As tunnels go, it’s not the Chunnel – the $21 billion, 31-mile, underwater tunnel between France and England – but Guilford County’s less impressive tunnel from the old jail to the Guilford County Courthouse in downtown Greensboro is big source of consternation for county officials right now.

Many county leaders want to tear down the old jail but they say that would almost certainly mean the destruction of the tunnel that’s used to transfer inmates from the new jail to court and back. Sheriff’s Department officials maintain that the tunnel, which runs under South Eugene Street, plays a vital role in keeping those inmate transfers safe, secure and manageable. They say having the tunnel helps prevent escapes and increases public safety.

But it’s not clear if the old jail can be demolished and the tunnel maintained.

In 2012, Guilford County opened its new jail next to the old jail and now inmates who have court appearances are taken through a secure walkway from the new jail into the old jail and then through the tunnel. While Sheriff’s Department officials who oversee the process say the county must keep the tunnel operational, county commissioners say it may not be possible.

Chairman of the Guilford County the Board of Commissioners Alan Branson said this week that the tunnel might be on its last legs.

“It’s unfortunate,” Branson said. “How can we save that tunnel while demolishing the building? I’m not 100 percent sure we can.”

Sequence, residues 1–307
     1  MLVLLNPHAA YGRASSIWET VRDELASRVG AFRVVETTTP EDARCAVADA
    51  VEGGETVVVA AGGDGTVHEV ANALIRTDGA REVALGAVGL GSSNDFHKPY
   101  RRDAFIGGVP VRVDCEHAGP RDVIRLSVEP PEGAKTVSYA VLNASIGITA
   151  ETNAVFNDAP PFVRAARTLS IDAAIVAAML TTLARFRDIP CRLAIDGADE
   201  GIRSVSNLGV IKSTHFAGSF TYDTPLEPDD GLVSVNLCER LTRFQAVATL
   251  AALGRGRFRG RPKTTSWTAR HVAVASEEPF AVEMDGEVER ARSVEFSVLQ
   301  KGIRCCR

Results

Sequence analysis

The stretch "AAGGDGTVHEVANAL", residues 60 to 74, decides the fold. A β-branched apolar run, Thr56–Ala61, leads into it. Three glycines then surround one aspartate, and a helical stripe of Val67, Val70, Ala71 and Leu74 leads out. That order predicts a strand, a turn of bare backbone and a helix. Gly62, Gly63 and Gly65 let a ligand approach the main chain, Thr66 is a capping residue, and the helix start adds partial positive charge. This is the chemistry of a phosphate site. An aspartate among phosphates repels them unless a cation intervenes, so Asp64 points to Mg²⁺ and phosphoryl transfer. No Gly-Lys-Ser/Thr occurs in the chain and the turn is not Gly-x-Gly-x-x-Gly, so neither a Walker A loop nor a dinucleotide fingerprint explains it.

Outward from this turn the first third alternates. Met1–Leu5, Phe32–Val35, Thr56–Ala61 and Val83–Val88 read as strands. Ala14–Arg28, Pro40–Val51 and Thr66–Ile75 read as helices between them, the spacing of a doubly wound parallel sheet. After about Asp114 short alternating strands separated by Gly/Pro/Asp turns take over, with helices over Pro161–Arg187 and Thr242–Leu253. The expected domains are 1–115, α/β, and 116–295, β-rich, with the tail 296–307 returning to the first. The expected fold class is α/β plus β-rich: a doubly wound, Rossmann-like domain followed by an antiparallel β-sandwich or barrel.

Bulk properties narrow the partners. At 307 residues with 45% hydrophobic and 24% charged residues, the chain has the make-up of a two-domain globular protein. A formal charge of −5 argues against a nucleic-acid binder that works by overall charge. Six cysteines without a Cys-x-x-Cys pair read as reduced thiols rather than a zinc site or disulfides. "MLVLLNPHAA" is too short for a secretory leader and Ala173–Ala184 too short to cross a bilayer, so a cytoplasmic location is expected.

Branson said the county is exploring ways that to keep it intact during the demolition process but he’s not sure that’s a viable alternative. He said he also wonders whether the tunnel is needed as much now as it has been in the past.

“How many people walk through that tunnel?” he said, adding that more and more the court system is using video appearances.

Guilford County Sheriff BJ Barnes said the tunnel is used heavily and is vital. He said modern technology hasn’t changed that since inmates have to appear in person every day that court is in session.

“It’s very important,” he said of the tunnel. “It’s always going to be important. It’s a security issue given the number of folks we bring through there.”

Barnes said that it might be possible to construct a secure “air walkway” over Eugene Street to serve the same purpose.